The Road to a Population Health Model

 

Certainly behavioral health challenges exist that require diagnosis and medical and psychosocial interventions. Surely, to survive in the behavioral health field, clinicians must know and contribute to the diagnostically driven payment system of health care. The DSM does accomplish its objective of providing an understanding of the complex biopsychosocial concepts of psychiatric diagnosis. 

 

While the etiology of these disorders may be the imprint of a person’s DNA, they are frequently the result of, or compounded by, psychosocial, environmental, and cultural factors. The degree to which these factors play in the overall health of an individual has been a subject of controversy among clinicians. What is known is that deterioration of SDOH in neighborhoods is predictive factor in a person’s chances for recovery from addiction, trauma, and other behavioral health challenges (Michener et al., 2015). If a community is dysfunctional (i.e., lacking necessary supports for economic and social sustainability or its members), the individual’s chances for resilience, health, and wellness decline; therefore, a vulnerable community will just as likely drown its members in poverty, violence, and isolation. When we refer to the individual in this holistic approach to recovery, resilience, health, and wellness, we are not only referring to the person or the family but the community and the neighborhood as a whole (Scoles, 2014, p. 48–64).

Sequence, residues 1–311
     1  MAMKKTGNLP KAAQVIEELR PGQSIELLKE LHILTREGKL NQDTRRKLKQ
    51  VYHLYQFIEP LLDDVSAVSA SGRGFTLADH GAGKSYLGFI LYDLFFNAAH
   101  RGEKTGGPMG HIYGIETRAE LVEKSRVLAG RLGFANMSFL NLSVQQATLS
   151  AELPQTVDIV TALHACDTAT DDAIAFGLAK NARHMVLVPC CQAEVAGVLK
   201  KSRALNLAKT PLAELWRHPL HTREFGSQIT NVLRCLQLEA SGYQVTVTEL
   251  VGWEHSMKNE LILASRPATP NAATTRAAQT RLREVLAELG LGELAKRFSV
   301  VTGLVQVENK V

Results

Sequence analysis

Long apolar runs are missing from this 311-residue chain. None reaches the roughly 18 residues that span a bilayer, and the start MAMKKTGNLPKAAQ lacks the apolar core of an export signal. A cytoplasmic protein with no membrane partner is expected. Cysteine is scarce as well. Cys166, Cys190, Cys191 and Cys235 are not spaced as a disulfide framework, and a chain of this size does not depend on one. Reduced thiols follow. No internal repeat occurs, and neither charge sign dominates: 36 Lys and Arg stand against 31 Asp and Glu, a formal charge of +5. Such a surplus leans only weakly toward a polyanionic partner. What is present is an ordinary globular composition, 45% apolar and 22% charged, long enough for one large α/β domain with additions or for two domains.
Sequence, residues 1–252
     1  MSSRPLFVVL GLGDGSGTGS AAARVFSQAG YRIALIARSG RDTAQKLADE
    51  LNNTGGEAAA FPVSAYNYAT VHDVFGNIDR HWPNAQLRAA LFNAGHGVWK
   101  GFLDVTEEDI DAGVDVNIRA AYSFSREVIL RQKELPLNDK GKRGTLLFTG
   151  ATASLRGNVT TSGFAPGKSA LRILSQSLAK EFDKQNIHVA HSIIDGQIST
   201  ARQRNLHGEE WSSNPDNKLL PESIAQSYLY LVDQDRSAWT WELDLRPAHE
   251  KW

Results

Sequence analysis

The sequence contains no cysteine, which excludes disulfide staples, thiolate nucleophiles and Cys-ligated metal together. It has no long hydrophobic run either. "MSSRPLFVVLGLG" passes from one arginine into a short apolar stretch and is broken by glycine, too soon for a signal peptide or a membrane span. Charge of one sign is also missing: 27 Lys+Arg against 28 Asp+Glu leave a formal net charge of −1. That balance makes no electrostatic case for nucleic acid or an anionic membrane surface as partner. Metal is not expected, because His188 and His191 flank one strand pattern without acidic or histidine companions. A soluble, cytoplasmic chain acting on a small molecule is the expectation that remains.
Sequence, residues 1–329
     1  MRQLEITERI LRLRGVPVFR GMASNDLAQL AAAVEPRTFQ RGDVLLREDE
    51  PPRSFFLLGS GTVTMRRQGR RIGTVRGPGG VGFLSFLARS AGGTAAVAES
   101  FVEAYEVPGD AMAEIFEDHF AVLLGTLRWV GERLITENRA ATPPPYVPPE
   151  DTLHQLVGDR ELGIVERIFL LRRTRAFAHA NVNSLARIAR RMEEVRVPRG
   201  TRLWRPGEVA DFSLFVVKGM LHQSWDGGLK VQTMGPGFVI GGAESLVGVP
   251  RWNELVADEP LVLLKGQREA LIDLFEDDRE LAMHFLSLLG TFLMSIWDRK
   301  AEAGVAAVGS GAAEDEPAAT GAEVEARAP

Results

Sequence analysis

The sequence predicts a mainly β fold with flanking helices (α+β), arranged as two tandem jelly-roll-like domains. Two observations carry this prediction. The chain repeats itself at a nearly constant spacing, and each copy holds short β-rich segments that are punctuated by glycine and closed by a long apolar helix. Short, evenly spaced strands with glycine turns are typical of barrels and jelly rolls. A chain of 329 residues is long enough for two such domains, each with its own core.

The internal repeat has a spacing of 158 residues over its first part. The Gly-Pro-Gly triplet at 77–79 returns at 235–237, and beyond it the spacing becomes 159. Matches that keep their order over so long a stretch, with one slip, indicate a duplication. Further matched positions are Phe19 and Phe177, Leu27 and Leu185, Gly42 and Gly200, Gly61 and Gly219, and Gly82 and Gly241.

Throughout most of the history of behavioral health care, community involvement and neighborhood connection were viewed as something that happened near the end of treatment (if at all) depending on adherence and symptom remission and control (Abrahams et al., 2013). Systems did not view the community as capable of promoting people’s health, but as a place to which people might be released when they were “healthier.” People were told to wait until they had achieved abstinence or stability before pursuing any workforce activity or educational studies. The treatment community simply did not view the neighborhood in which clients lived as a possible contributing factor to either the problem or the solution. Finally, the person receiving services along with his or her supporters had very little input into these decisions. The individuals’ immediate eco-community (i.e., family, key allies, spiritual resources) were seldom invited into assessment, planning, or service-delivery processes. Community connections were considered the purview of social workers—and even then were done as referrals rather than intentional connections to these resources (Abrahams et al., 2013).

 

Culture, Ethnicity, and Assessment